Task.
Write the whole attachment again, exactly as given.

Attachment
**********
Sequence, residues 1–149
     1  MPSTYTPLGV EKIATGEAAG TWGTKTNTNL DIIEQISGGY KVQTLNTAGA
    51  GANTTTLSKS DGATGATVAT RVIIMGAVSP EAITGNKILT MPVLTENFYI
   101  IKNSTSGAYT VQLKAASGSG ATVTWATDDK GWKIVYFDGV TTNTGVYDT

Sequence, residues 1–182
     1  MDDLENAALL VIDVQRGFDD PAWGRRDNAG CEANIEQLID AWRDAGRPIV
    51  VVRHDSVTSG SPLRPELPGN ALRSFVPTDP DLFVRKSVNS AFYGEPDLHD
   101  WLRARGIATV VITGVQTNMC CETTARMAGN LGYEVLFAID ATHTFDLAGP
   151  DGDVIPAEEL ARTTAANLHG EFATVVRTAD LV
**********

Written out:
Sequence, residues 1–149
     1  MPSTYTPLGV EKIATGEAAG TWGTKTNTNL DIIEQISGGY KVQTLNTAGA
    51  GANTTTLSKS DGATGATVAT RVIIMGAVSP EAITGNKILT MPVLTENFYI
   101  IKNSTSGAYT VQLKAASGSG ATVTWATDDK GWKIVYFDGV TTNTGVYDT

Sequence, residues 1–182
     1  MDDLENAALL VIDVQRGFDD PAWGRRDNAG CEANIEQLID AWRDAGRPIV
    51  VVRHDSVTSG SPLRPELPGN ALRSFVPTDP DLFVRKSVNS AFYGEPDLHD
   101  WLRARGIATV VITGVQTNMC CETTARMAGN LGYEVLFAID ATHTFDLAGP
   151  DGDVIPAEEL ARTTAANLHG EFATVVRTAD LV